Search Term: " cranactin "
Do You Problems With Bladder Infections? Try CranActin and Feel The Difference
January 07, 2013 02:53 PM
A bladder infection (usually called cystitis) is one of the most common disease in the world. This disease is commonly found in women because their urinary anatomy systems are more susceptible than men to the infections. In normal conditions, the bladder is free from the bacteria and any other organisms that can cause some infections.
When bacteria come to the bladder, they enter through the end of the urinary tract or the bloodstream. Untreated urinary tract infection is able to cause more serious kidney infections. That is the reason why you should treat this infection as soon as possible.
Try to pay attention to the symptoms of bladder infections, such as burning or painful sensation during urination, cloudy urine, and frequent need to urinate. When you have those symptoms, try to visit your doctors. They will tell you what you should do to reduce the negative effects of bladder infection. Some doctors will give you some medicines to treat the bladder infections.
However, medicines are not good for your health because they contain a lot of chemical ingredients. Try to use natural treatments or supplements in order to treat bladder infections.
Cranberry for treating bladder infections
Cranberry is one of the most effective way to treat bladder infections naturally. This product is able to prevent the growth of bacteria, such as E. coli, in the urinary tract systems. It contains active compounds that are able to prevent the ability of E. coli to multiply and infect the bladder systems.
In some cases, cranberry is able to kill the negative bacteria growing in the digestive system. This product is also proven to be very effective to improve the urination. Increased urination is good to flush out the bacteria from the urinary tract systems. That is the reason why cranberry is commonly used to treat people with the bladder infections.
People usually consume cranberry by blending it together with water and sweeteners to make cranberry juice.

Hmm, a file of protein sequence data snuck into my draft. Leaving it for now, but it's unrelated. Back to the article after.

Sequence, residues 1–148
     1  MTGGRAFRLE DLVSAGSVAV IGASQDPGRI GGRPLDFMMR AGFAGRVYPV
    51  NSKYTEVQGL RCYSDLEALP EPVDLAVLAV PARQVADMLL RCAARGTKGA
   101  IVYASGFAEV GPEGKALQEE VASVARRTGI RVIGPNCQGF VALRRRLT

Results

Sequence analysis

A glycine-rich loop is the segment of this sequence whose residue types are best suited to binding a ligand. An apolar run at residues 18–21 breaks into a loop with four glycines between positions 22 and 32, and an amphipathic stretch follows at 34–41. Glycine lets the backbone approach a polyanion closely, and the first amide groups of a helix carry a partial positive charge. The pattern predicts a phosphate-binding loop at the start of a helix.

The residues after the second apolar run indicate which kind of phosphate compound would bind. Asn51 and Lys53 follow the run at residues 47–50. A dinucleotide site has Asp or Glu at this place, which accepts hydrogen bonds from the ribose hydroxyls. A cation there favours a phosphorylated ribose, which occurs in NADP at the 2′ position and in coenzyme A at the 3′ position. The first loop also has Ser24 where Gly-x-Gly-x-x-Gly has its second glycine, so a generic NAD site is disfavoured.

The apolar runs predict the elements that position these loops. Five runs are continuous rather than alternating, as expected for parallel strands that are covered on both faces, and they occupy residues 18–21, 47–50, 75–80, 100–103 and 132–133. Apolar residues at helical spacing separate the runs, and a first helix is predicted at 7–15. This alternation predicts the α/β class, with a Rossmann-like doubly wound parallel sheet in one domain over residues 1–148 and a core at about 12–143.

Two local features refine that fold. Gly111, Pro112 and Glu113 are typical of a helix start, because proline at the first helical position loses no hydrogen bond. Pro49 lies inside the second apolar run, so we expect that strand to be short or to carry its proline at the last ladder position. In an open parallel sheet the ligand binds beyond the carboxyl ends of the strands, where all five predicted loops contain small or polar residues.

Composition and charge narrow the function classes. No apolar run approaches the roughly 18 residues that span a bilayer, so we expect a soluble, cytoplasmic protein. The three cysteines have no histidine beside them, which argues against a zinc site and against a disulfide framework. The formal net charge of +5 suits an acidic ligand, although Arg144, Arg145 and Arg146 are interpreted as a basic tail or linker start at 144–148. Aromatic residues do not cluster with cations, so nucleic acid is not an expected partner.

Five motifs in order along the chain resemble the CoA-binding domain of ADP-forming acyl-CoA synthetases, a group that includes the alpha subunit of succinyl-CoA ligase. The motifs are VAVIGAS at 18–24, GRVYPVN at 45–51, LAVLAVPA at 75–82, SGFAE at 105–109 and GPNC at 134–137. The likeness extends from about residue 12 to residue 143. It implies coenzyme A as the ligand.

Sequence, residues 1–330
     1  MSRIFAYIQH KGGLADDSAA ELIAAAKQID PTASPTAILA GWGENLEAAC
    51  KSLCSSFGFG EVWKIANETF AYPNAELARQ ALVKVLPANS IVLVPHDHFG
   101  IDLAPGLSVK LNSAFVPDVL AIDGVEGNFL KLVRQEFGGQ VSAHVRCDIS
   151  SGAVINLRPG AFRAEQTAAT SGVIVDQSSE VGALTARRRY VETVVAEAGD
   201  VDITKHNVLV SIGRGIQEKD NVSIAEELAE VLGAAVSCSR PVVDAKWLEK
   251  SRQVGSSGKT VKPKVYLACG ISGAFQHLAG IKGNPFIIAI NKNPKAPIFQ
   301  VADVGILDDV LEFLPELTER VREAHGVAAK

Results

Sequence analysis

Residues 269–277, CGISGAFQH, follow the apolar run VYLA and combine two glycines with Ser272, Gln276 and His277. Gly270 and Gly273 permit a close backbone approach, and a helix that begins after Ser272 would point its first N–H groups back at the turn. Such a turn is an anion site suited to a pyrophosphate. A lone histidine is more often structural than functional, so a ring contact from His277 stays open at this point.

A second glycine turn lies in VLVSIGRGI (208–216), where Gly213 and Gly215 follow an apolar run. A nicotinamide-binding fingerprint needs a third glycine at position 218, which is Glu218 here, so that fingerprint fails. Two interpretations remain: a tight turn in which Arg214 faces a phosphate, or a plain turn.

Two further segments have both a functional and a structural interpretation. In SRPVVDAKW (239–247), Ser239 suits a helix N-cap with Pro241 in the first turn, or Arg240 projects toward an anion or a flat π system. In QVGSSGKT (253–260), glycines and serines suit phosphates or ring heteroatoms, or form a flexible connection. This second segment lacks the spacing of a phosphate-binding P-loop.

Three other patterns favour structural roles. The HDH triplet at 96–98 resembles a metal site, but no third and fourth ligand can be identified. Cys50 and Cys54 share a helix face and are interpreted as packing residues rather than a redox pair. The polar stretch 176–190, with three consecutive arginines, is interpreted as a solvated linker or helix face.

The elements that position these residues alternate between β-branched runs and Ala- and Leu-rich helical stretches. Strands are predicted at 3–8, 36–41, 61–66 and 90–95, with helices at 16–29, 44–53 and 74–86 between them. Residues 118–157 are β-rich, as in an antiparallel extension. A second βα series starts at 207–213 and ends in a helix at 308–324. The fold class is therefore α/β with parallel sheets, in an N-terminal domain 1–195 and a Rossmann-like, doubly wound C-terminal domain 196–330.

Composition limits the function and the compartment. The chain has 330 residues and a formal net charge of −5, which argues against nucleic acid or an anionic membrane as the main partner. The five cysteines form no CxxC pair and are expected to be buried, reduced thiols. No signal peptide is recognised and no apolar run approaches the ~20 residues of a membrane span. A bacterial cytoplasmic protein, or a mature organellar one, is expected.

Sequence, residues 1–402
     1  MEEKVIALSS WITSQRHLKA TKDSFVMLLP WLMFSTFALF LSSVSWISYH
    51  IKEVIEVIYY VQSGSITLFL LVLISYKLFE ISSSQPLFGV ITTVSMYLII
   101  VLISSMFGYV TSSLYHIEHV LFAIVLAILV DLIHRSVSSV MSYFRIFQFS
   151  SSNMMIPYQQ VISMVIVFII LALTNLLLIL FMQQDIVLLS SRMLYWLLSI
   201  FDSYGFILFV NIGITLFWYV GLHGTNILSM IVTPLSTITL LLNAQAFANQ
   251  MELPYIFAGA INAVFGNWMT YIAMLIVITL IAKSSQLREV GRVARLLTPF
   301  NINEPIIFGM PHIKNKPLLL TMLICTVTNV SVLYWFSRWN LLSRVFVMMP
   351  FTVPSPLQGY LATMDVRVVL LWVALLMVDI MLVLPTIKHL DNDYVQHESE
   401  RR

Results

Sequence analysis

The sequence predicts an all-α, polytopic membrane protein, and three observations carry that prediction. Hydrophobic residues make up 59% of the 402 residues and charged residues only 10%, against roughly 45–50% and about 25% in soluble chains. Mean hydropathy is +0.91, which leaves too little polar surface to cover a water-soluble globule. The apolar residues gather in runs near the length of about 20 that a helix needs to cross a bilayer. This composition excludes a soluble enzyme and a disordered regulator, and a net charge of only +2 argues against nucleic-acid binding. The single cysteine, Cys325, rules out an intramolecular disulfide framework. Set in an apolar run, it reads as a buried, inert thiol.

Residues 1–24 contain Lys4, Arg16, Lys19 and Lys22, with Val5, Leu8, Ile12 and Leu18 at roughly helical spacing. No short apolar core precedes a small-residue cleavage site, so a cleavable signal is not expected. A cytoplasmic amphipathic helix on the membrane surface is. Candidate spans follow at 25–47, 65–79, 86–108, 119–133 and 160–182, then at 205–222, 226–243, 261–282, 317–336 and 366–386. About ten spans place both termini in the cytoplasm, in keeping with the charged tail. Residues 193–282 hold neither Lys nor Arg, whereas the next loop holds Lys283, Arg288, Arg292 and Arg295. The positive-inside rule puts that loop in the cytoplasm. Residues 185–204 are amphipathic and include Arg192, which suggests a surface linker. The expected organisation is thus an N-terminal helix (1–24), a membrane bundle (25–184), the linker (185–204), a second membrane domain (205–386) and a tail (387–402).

Another way to consume cranberry is by taking some dried cranberry in a pill. Some manufacturers produce dried cranberry pills for the consumers so they can consume the cranberry easily. However, most of the dried cranberries lose the active compounds because of the production process itself. If you are looking for a better solution for this, you should try to get the cranactin.
cranactin is one of the best products from Solaray. It contains high quality of cranberry extract that you can use to treat the bladder infections. The unique thing about the cranactin is that this product is the first cranberry supplement that has been tested and guaranteed to contain cranberry's special antibiotic activity. This supplement is supported by many clinical research. Many doctors also recommend this product because it is good for your health, especially for the urinary tract system.
There are many ways to get cranactin. The easiest way to get this supplement is through the internet. There are many online stores selling this cranactin in the internet. What you need to do is just visiting their sites and order the supplements. Try to read the instructions first before consuming this supplement.
Cranberries And Good Bladder Function
September 09, 2010 02:53 PM